Things We Tell Ourselves, Worth Repeating.
I’ve had some opportunities to get out of my “regularly scheduled life,” lately which has me thinking about stories. In yoga philosophy, there are stories that tell of archetypes having a particular experience, which we use as metaphors to understand our own experiences, relationships, and lives. In my other work-world of voice-over and music, there is a story and a mood to convey. And throughout our day, there is a story playing out in our head. This is the story that has the most direct and consistent impact on our lives, and believe it or not, our health. Thankfully for us and our getting-busier-all-the-time lives, mind-body medicine is catching up to this long-known eastern belief, and henceforth the many practices, that harness the connection between our minds and our bodies. (Thank-you, America, for appropriating Eastern philosophy and “proving” its worth. Oops, did I just type that out loud? wink.)
Our Internal Story
A few years back, in the midst of a “brain sparkle,” I wrote the phrase “things we tell ourselves” on a post-it note. I had just had the experience of watching myself interact in a conversation where I did not like the way I was being treated – instead of just reacting to it, like I usually did. Like we all do in life. My reaction, or “auto-thought,” was “Ugh! I’m so tired of this person always treating me this way.” A pattern: their treatment of me, and my reaction to the person. But this time, I somehow was able to step back and watch the reaction and the conversation in my head before I outwardly reacted. This time, I noticed my reaction in my head as it happened, and then I decisively and intentionally said to myself, “Ok, this is not new. This person always treats you this way. You can’t control their view of you, but it’s not valid, so don’t treat it like it’s valid.” I intentionally slowed the pace of my response and was careful with my few words. And amazingly, I felt much more in control, and the whole incident frazzled me less.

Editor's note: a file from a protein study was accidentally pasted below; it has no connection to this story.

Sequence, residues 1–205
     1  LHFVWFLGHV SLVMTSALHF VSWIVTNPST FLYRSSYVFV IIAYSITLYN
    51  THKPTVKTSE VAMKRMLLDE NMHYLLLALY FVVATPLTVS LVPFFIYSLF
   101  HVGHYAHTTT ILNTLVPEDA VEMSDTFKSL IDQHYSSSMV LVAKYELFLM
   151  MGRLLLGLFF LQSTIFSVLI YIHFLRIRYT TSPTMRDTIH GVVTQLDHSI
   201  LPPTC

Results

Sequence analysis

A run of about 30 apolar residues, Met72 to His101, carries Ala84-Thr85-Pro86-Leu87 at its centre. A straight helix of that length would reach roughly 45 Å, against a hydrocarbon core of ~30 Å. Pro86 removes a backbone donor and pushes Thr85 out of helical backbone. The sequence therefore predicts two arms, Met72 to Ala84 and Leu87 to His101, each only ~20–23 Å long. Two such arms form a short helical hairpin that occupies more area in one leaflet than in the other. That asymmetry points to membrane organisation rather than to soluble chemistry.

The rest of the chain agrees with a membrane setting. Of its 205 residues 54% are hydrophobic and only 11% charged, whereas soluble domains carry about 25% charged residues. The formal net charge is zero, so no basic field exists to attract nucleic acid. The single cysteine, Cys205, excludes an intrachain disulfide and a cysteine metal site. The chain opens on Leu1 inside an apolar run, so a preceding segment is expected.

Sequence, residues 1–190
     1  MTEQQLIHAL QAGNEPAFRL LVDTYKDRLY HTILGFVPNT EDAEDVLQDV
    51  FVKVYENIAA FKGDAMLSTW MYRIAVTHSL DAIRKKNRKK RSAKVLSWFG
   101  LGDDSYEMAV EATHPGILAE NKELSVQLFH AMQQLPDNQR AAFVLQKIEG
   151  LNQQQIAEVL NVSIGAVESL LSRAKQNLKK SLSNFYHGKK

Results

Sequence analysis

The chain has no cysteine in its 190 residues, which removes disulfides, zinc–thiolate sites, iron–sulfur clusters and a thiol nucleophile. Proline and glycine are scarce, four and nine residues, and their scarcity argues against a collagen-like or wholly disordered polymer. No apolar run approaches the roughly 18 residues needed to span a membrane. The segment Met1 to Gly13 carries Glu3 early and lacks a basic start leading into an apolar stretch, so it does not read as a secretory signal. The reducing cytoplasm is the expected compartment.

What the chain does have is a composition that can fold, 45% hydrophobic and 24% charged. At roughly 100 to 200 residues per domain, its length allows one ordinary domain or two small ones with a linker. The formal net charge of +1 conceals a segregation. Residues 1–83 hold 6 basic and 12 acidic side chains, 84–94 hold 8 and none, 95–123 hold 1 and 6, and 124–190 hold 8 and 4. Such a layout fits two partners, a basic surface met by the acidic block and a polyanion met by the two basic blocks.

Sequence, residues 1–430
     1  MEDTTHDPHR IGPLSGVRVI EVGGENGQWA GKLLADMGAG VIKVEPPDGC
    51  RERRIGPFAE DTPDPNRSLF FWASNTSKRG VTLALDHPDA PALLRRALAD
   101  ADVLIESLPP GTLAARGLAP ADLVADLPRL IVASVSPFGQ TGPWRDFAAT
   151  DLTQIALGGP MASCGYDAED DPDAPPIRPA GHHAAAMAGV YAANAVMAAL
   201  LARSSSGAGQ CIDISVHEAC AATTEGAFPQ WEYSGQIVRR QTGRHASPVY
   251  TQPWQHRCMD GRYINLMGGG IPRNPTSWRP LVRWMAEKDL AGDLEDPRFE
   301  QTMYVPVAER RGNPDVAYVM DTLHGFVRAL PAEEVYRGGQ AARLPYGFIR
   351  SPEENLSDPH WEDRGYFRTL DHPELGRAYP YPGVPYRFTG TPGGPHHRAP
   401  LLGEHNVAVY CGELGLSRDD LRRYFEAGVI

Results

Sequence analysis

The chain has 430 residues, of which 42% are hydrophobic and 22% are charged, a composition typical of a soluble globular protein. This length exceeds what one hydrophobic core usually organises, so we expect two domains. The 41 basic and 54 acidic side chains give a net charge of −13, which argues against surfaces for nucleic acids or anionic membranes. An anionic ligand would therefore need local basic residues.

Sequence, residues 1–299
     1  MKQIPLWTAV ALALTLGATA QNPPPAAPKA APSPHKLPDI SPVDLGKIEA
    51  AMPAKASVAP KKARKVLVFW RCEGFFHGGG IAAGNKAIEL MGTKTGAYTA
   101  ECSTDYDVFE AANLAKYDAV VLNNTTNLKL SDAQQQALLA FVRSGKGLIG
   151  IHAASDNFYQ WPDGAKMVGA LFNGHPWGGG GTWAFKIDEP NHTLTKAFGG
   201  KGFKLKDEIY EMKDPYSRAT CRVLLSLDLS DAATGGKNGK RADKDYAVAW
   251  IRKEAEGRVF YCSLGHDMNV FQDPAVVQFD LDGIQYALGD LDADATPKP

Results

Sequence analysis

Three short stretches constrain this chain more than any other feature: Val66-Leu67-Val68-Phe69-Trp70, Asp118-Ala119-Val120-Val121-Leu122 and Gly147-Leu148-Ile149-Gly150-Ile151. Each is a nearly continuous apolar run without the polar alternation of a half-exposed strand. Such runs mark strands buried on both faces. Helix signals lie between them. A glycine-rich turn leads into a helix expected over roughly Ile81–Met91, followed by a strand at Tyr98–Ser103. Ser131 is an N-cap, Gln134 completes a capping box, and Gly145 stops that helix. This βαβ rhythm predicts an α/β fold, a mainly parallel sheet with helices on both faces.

The 2018 Minneapolis Yoga Conference Story
Getting back to the present, two weekends ago I was lucky enough to return for a second year as the sound designer for the Minneapolis Yoga Conference, hosted by Tula Software at the Hyatt Regency in downtown Minneapolis. The 2018 version was quite different than the 2017 version. In addition to the wide variety of quality presenters, there were two hallways dedicated to complimentary forty-minute bodywork sessions of various modalities (massage, private yoga, reiki, acupuncture, etc… I highly recommend you get on board for 2019). Also new, I was happily tasked with pairing several conference presenter sessions with live music, provided by local musicians, making for a really beautiful all-sensory experience. So not only was the weekend a giant mashup of all the things I love and believe the world needs more of, it was a reconnaissance of my yoga practice through some really powerful asana practices and philosophy presentations by seasoned and skilled presenters such as Marni Sclaroff, Kristi Taylor, and Molly McManus of Yoga North Duluth.
The “I’ve Learned A New Thing. What Category Do I Put It In Inside My Brain?” Story
On the teaching side of myself, I’ve been in the process of taking “Signature Format Training” online for my gig teaching at LifeTime Fitness. After years and years of largely practicing – and teaching – in small community-style studios where there’s much more of a personal feel and less of a “brand” feel, it’s been a bit of a shift to embrace a different way of practicing and teaching yoga.
Going back to yoga philosophy – I could get stuck in my ego mind, and say, “Well this is just yoga for insert population designation.” However, this is a company that has grown to its large size. Like everything, it didn’t happen overnight. And like any growing organism, it must be done in a specific, ahem, intentional way if we expect the thing growing to be effective and strong. And, being that this is a large corporation, the structure must be set and clear… not unlike the structure in our bodies: our bones. They do move, but with much more rigidity than, say, our muscles. Imagine if your bones grew in scattered and fragmented ways. Or if they were as soft as our skin? We would be much less strong and capable individuals, and likely would not have made it as far as we have as a human race.